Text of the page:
The present invention relates to fragments of Vpr which interact with hVIP to prevent or inhibit G2/M transition by cells. Vpr is known to have the ability to arrest the cell cycle. The discovery of the cellular protein hVIP which Vpr interacts with in connection with the arrest of the cell cycle cells provides for the targeting of hVIP by Vpr and fragments of Vpr which maintain their ability to arrest the cell cycle. According to some embodiments, the fragment also retains its ability to localize in the nucleus.

The amino acid sequence of Vpr is disclosed in U.S. Ser. No. 08/167,608 filed Dec. 15, 1993, which is incorporated herein by reference. According to the invention, pharmaceutical compositions are provided which comprise fragments of Vpr which interact with hVIP to prevent or inhibit G2/M transition by cells. Data from Vpr protein mapping experiments to identify regions that specifically interact with and arrest cell cycle arrest are described in Provisional Application 60/055,754 filed Aug. 14, 1997, which is incorporated herein by reference.

Fragments of Vpr can be identified which interact with hVIP to prevent or inhibit G2/M transition by cells. Some embodiments of the invention are fragments of Vpr which comprise at least three amino acids and which bind to hVIP. In some embodiments, fragments of Vpr are less than 50 amino acids. In some embodiments, fragments of Vpr are less than 25 amino acids. In some embodiments, fragments of Vpr are less than 20 amino acids. In some embodiments, fragments of Vpr are less than 15 amino acids. In some embodiments, fragments of Vpr are less than 13 amino acids. In some embodiments, fragments of Vpr are less than 10 amino acids. In some embodiments, fragments of Vpr are less than 8 amino acids. In some embodiments, fragments of Vpr are less than 5 amino acids.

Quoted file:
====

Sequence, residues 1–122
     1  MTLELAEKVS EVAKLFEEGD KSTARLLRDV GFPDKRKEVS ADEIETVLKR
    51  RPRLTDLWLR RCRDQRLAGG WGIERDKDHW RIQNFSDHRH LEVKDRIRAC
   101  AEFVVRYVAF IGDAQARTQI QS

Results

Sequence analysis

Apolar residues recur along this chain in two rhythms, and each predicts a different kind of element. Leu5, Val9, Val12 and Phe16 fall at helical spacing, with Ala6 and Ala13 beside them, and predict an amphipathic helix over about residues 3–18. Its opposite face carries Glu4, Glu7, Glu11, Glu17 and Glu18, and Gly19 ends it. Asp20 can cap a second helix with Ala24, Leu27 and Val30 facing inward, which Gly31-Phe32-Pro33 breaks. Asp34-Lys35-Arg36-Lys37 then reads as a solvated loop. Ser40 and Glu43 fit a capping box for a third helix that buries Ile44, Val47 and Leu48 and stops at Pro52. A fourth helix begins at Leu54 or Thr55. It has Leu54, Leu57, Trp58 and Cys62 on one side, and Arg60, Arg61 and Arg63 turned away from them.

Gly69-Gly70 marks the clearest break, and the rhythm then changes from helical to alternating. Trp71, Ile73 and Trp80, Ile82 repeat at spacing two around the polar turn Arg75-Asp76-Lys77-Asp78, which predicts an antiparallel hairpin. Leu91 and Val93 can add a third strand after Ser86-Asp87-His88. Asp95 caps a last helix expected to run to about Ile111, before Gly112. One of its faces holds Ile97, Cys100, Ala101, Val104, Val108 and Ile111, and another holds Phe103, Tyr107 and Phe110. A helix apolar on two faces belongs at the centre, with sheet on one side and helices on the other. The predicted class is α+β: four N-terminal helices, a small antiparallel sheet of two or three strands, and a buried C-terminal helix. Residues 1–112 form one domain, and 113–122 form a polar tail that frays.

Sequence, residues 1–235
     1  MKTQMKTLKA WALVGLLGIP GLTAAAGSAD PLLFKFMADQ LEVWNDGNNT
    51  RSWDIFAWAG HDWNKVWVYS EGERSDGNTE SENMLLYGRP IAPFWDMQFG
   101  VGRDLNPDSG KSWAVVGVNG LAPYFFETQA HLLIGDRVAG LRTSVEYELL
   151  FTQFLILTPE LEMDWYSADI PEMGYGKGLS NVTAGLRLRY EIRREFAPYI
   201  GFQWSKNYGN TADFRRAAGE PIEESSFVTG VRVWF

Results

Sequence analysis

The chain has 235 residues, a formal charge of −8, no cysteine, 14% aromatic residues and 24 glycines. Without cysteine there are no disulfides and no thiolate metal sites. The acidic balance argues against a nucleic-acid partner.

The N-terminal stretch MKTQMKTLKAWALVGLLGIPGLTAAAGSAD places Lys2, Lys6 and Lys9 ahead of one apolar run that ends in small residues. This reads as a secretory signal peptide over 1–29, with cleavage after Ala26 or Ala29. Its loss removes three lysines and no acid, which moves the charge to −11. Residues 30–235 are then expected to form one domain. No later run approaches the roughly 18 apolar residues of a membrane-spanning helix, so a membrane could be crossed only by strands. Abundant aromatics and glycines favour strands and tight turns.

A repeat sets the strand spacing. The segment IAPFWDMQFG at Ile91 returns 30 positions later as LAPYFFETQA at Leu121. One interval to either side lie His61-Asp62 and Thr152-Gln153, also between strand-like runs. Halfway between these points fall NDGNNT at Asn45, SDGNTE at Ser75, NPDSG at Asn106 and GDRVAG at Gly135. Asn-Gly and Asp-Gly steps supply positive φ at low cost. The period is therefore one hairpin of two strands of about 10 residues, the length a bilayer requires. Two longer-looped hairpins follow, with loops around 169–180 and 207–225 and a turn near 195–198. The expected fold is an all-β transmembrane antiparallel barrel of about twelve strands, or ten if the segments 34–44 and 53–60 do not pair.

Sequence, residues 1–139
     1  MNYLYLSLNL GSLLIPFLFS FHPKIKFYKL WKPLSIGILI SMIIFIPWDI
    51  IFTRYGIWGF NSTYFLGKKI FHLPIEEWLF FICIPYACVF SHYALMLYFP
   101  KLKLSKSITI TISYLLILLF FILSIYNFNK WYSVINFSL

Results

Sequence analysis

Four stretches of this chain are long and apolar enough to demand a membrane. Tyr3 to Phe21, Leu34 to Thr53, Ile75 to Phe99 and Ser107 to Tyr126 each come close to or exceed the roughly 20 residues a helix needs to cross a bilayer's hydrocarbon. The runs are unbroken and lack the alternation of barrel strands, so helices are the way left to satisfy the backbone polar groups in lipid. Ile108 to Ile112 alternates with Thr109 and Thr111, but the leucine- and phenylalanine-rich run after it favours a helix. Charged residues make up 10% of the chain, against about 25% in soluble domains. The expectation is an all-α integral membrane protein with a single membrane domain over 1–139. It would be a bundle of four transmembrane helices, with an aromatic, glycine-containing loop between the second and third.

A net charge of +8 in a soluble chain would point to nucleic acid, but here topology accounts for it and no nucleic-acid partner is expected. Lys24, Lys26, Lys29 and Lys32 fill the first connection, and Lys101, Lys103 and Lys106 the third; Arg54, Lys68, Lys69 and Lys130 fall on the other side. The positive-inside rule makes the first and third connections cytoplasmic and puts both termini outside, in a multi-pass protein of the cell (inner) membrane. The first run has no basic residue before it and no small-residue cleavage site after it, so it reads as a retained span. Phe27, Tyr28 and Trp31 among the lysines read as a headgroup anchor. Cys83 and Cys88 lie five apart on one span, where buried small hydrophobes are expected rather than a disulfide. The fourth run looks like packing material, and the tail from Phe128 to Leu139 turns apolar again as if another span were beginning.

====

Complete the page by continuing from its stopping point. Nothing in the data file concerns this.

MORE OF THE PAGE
Some embodiments of the invention are peptides which comprise fragments of Vpr which comprise at least three amino acids and which bind to hVIP. In some embodiments, the peptides are less then 25 amino acids. In some embodiments, the peptides comprise fragments of Vpr that are less than 25 amino acids. In some embodiments, the peptides comprise fragments of Vpr that are less than 20 amino acids. In some embodiments, the peptides comprise fragments of Vpr that are less than 15 amino acids. In some embodiments, the peptides comprise fragments of Vpr that are less than 10 amino acids. In some embodiments, the peptides comprise fragments of Vpr that are less than 8 amino acids. In some embodiments, the peptides comprise fragments of Vpr that are less than 5 amino acids. In some embodiments, the peptides comprise fragments of Vpr that are less than 4 amino acids.

In some embodiments, the compounds of the present invention are: 20 amino acids or less; consist of or comprise a fragment of Vpr that is at least 3 amino acids and that binds to hVIP; and are useful to arrest the cell cycle. The peptides of the invention comprise amino acid sequences that consist of 20 amino acids or less, preferably 10-15 amino acids or less. As used herein, the term “compound” refers to molecules which include peptides and non-peptides including, but not limited to molecules which comprise amino acid residues joined by at least some non-peptidyl bonds. As used herein, the term “peptide” refers to polypeptides formed from amino acid subunits joined by native peptide bonds. The term “amino acid” is meant to refer to naturally occurring amino acid moieties and to moieties which have portions similar to naturally occurring peptides but which have non-naturally occurring portions. Thus, peptides may have altered amino acids or linkages. Peptides may also comprise other modifications consistent with the spirit of this invention. Such peptides are best described as being functionally interchangeable yet structurally distinct from natural peptides. As used herein, the terms “compounds” and “peptides” are used interchangeably.